Daniel Dennett Presents: An Argument Against Naturalism

I was recently stunned to find, in an interview with Daniel Dennett published in Third Way (July/August 2013, p. 14), the following exchange:

Interviewer:  What might constitute an insuperable problem for naturalism, then?

Dennett:  Well, I thought of one thing in a little reverie just yesterday.  If you take all the integers – one, two, three, four – starting with zero and you arrange them in a sort of a square spiral and you put a red circle, say, around each prime number, you discover that there are some interesting patterns – it’s a very tantalizing fact about prime numbers.  Well, suppose someone said, ‘I’m going to arrange the number in a slightly different way and just see what happens,’ and they did it and, after a while, when they’d [arranged] enough millions of numbers, we saw that [the pattern that had emerged] was a crucifix… If something like that was embedded in the number system, my timbers would be shivered, no doubt about it – because you can’t fake the number system.

I must confess to being utterly baffled by this argument.  I have my doubts as to whether such an occurrence (or something analogous) actually would convince Dennett, should it turn out to be true, but one thing of which I am fairly certain is that it would not convince me nor the vast majority of professional theologians and philosophers I know and/or read.  It is a mere magic trick.  And if it proved the existence of anything, it would not be the God of Jesus Christ, but of simply one more thing among other things, albeit a thing of great power and, it would seem, whimsy.

(As an aside, the idea of a crucifix being the symbol for God in the number system is an interesting one.  It highlights something many have noted, namely that atheism does not emerge independently of religion.  It is utterly dependent upon religion.  Dennett isn’t interested in disproving the God of philosophy, but the God of the Bible.  In other words, for all the blustery appeal to ‘evidence’ and ‘common-sense,’ the new atheist project remains, in its essence, reactionary.  Furthermore, it is worth noting that it is precisely the God of the Bible, that One who has done more than any atheist philosopher in history to unmask the idols of this world and demonstrate that what we thought were the gods, were, in fact, nothing of the kind – it is this God who makes atheism possible by a relentless demythologization of the cosmos.)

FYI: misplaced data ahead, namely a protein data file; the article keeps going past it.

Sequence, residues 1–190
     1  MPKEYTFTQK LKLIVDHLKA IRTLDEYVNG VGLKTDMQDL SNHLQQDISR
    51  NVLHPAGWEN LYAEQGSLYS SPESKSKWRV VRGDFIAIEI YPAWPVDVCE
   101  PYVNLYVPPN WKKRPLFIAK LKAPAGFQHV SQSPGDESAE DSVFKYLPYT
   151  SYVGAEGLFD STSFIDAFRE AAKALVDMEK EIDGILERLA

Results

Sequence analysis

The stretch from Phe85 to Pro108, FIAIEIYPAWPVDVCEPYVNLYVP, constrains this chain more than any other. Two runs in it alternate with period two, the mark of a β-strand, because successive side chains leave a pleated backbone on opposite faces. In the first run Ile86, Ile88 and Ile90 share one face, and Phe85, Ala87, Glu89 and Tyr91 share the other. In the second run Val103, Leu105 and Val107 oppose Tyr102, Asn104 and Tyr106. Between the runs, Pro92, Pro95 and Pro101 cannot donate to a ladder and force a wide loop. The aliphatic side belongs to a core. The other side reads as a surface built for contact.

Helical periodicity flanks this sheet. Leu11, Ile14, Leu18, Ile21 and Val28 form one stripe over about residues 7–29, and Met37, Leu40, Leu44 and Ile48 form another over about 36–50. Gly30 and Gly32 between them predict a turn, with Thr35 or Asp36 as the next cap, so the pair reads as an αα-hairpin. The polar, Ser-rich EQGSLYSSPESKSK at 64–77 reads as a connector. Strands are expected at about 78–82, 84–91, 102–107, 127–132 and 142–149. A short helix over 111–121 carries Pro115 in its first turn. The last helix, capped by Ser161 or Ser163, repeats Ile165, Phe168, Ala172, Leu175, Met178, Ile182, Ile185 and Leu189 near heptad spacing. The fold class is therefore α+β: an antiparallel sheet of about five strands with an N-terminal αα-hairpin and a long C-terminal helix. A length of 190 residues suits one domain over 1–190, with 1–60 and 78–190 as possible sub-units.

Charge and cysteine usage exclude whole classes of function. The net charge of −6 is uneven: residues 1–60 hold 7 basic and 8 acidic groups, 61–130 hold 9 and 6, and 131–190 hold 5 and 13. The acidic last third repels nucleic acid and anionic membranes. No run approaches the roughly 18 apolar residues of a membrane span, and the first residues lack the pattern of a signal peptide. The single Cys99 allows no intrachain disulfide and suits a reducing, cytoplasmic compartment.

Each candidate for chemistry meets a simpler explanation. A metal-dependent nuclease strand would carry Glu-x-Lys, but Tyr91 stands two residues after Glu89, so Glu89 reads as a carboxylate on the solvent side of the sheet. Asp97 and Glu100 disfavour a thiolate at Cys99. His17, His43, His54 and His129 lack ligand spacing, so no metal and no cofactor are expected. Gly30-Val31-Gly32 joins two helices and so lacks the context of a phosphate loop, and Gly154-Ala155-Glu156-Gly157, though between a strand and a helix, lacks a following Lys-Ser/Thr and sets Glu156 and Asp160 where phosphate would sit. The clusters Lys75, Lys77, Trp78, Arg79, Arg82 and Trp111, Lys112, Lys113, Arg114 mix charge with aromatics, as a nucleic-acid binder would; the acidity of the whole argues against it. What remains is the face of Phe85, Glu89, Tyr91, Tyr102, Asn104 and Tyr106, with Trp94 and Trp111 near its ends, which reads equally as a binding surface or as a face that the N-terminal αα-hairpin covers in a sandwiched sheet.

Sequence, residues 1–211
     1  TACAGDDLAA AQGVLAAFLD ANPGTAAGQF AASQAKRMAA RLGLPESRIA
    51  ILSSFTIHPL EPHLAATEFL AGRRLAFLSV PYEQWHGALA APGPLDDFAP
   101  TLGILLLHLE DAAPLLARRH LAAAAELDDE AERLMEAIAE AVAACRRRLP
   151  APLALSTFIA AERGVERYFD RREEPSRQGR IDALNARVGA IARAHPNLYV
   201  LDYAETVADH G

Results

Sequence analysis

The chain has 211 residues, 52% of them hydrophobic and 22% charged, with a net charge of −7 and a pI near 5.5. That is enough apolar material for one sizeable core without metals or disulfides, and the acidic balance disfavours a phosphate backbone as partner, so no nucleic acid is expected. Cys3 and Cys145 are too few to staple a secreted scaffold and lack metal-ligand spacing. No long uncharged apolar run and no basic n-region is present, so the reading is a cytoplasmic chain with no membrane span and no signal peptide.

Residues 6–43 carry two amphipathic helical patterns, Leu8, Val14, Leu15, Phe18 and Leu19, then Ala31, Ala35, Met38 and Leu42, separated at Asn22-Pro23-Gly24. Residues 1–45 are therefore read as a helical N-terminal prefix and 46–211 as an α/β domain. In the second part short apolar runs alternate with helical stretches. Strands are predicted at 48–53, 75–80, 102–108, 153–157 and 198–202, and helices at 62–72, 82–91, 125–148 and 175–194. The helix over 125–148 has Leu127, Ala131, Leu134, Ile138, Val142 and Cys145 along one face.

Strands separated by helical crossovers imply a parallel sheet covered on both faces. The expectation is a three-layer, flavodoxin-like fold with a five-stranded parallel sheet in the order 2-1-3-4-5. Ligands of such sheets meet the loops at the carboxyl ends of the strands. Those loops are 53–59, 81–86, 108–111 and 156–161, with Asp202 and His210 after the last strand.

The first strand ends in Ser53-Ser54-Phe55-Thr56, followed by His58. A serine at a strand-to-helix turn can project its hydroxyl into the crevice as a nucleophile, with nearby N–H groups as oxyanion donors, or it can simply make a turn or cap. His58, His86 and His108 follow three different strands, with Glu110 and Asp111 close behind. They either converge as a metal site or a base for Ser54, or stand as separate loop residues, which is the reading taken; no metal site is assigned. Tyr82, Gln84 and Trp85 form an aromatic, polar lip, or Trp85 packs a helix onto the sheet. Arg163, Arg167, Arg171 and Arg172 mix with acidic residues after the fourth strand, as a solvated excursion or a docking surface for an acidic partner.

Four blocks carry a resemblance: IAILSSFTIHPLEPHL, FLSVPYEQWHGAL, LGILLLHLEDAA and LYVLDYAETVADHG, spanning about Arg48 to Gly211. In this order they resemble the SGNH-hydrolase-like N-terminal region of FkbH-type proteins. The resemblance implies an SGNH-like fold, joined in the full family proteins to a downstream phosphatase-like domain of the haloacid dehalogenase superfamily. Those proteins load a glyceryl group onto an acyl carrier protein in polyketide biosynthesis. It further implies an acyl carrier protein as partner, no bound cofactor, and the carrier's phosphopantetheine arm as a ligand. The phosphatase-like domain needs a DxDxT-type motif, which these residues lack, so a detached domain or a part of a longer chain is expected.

All of my professional training, and indeed even my temperament, inclines me to put the best possible read on the comments of those with whom I disagree.  And I know, theoretically, at least, that Dennett is a bright guy.  But how does a bright guy find no trouble for his worldview whatsoever in the indisputable fact that there is something rather than nothing, and yet confess that a curious plant in the number system would shiver his timbers?
Oh, and in the same interview, Dennett refers to Jesus as “probably a mythical character.”  (p. 16)  Seriously?  It’s like arguing with a young-earth creationist.

Brett Salkeld is the incoming Archdiocesan Theologian for the Archdiocese of Regina, Saskatchewan. He is a father of four (so far) and husband of one.

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